President Donald Trump scrapped plans to travel to Pennsylvania on Wednesday for a meeting of state Republican lawmakers examining accusations of election impropriety.
Trump’s planned visit to Gettysburg for a hearing by the Pennsylvania Senate Majority Policy Committee had not been listed on the president’s public schedule, but people familiar with the matter said he intended to appear alongside Rudy Giuliani, who has been leading a long-shot legal effort in several states to reverse the results of the Nov. 3 election.
No trip was ever put on his public schedule, and a group of reporters assembled to cover a trip were told at the last minute that it had been canceled, according to a press pool report Wednesday — indicating Trump wouldn’t be traveling after all. Trump still has no events on his public schedule Wednesday. The White House declined comment.
Giuliani’s efforts have gained little traction and widespread derision. It wasn’t immediately clear why the president abandoned the travel plan. One Trump adviser, Boris Epshteyn, tweeted Wednesday that he’d tested positive for COVID-19.
In Pennsylvania, where Joe Biden leads by more than 80,000 votes, Trump supporters have complained that observers in Philadelphia were not allowed to be closer to workers counting the ballots, but have failed to present evidence of widespread fraud.
Biden transition spokeswoman Kate Bedingfield dismissed the trip to Gettysburg as a stunt.
“The election is over. Virtually everyone on Earth has accepted that truth except for Donald Trump and Rudy Giuliani,” she said during a call with reporters on Wednesday. “The Trump campaign has been laughed out of every courtroom with their meritless and baseless lawsuits meant to undermine the will of the American people. This is a sideshow.”
Last weekend, a federal judge in Pennsylvania dismissed a lawsuit that Giuliani personally argued after the other attorneys working on the campaign’s lawsuits in the Commonwealth asked to be removed from the case.
Trump’s lawyers presented “strained legal arguments without merit and speculative accusations” that were not supported by evidence, U.S. District Judge Matthew Brann wrote in his opinion dismissing the lawsuit. Giuliani has pledged to appeal.
Still, Trump has publicly struggled to accept his election loss, only this week agreeing to give Biden’s team access to government resources as part of the transition process. And he’s sought to appeal to lawmakers in Republican-controlled state governments to refuse to certify results that show him losing to the former vice president.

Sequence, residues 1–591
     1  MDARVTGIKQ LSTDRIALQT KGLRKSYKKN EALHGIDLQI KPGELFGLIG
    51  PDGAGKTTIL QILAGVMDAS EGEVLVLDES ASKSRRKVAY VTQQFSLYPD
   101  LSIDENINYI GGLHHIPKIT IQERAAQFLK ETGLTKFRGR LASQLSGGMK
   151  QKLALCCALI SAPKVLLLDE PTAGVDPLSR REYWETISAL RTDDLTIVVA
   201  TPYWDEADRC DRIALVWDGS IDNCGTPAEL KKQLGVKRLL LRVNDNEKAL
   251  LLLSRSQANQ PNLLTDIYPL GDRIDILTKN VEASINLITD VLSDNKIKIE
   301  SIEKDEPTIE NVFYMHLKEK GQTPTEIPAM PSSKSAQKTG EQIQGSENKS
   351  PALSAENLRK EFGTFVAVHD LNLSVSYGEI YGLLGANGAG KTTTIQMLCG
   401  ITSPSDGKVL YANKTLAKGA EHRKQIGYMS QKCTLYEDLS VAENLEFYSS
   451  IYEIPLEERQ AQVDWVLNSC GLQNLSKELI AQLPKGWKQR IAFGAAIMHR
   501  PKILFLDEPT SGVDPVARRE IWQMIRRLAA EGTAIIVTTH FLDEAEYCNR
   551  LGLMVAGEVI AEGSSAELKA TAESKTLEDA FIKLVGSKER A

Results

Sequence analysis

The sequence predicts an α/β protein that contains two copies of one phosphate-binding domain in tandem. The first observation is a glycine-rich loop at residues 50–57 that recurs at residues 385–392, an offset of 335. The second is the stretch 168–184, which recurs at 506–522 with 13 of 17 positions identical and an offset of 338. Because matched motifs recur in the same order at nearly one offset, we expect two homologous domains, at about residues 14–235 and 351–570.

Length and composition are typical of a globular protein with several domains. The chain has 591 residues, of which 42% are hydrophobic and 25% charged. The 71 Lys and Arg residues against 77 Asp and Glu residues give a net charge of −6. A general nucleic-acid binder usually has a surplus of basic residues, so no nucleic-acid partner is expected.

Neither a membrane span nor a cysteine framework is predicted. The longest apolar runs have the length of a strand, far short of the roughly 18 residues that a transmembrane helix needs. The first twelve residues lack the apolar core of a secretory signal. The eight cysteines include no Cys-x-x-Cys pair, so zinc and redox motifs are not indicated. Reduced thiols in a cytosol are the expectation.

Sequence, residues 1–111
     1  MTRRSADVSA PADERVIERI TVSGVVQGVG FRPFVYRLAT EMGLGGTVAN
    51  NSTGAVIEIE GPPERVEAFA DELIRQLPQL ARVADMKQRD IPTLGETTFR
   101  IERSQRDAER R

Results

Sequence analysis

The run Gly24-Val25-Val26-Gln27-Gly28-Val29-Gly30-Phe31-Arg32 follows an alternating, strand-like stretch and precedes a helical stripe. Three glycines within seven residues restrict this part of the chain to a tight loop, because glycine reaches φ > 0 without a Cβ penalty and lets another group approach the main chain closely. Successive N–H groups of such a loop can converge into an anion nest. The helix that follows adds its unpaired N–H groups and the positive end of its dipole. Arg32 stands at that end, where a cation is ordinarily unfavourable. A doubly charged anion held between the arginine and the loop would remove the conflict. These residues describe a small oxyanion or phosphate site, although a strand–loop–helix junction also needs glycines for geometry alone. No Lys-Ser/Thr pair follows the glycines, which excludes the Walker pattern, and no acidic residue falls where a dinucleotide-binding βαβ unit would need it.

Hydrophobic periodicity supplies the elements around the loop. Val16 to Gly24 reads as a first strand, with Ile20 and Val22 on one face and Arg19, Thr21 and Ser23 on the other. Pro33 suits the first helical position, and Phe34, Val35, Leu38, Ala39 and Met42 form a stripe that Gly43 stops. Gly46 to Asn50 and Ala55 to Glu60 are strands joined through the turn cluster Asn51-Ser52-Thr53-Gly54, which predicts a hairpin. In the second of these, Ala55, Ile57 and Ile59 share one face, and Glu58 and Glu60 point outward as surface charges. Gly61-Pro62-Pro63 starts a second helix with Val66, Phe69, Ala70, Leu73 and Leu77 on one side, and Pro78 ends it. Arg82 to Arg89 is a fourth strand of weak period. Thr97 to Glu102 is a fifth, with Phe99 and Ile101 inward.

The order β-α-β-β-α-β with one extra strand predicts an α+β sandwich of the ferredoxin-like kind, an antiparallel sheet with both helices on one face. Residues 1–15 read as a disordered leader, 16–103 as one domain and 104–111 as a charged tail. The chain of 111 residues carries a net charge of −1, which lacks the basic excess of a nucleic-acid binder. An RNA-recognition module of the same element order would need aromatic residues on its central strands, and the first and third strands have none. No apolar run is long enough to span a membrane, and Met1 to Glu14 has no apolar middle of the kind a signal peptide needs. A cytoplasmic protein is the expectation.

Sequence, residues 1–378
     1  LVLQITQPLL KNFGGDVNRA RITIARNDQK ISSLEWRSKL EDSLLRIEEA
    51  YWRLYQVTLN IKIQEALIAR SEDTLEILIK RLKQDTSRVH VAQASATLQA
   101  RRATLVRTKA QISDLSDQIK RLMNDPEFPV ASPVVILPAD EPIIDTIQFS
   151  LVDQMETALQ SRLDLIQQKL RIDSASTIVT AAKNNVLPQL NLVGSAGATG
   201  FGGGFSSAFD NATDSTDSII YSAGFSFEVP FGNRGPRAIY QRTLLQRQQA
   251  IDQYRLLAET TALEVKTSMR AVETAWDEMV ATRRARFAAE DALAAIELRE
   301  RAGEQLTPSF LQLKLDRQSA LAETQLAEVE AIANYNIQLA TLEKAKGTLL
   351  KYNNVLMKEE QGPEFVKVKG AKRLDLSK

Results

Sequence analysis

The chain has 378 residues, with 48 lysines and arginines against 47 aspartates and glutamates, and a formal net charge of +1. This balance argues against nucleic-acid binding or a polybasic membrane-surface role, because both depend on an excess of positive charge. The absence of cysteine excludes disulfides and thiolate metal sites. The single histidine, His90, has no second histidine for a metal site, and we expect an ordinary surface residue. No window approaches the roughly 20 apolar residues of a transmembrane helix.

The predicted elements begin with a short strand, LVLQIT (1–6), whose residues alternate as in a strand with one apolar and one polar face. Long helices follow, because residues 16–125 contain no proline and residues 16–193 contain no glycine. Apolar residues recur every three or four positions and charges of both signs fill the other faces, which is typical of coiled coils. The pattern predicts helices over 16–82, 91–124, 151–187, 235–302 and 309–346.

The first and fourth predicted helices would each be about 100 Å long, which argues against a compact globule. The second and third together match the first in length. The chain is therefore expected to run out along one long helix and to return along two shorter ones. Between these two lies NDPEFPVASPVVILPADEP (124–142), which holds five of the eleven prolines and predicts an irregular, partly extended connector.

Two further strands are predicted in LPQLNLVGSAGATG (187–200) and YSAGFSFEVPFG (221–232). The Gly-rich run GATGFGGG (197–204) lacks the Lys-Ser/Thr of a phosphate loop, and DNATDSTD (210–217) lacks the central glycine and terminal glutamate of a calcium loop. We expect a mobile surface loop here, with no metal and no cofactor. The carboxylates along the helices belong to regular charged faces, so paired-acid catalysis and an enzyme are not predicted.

Last week, he invited Michigan Senate Majority Leader Mike Shirkey and House Speaker Lee Chatfield, both Republicans, to the White House. But they issued a joint statement after their meeting with Trump saying they had “not yet been made aware of any information that would change the outcome of the election in Michigan.”
Those efforts also fell short in Georgia and Nevada, each of which progressed through the ordinary process of certifying election results. And Pennsylvania Gov. Tom Wolf, a Democrat, announced Tuesday that his state had certified the results and appointed representatives to the Electoral College.
Earlier this week, his campaign distanced himself from lawyer Sidney Powell after she accused Georgia Governor Brian Kemp, a Republican, of having been bribed by an election systems company. Last week, tabloid newspapers and TV hosts mocked Giuliani for holding a news conference during which he perspired so profusely that hair dye appeared to drip down his cheeks.
“It’s in everyone’s interest to have a full vetting of election irregularities and fraud,” Giuliani said in a statement about Wednesday’s event. “And the only way to do this is with public hearings, complete with witnesses, videos, pictures and other evidence of illegalities from the November 3rd election.”
Pennsylvania state Sen. Doug Mastriano said he had requested the public hearing because voters in his state “lost faith in the electoral system.”
“Over the past few weeks, I have heard from thousands of Pennsylvanians regarding issues experienced at the polls, irregularities with the mail-in voting system and concerns whether their vote was counted,” Mastriano said in a statement. “We need to correct these issues to restore faith in our republic.”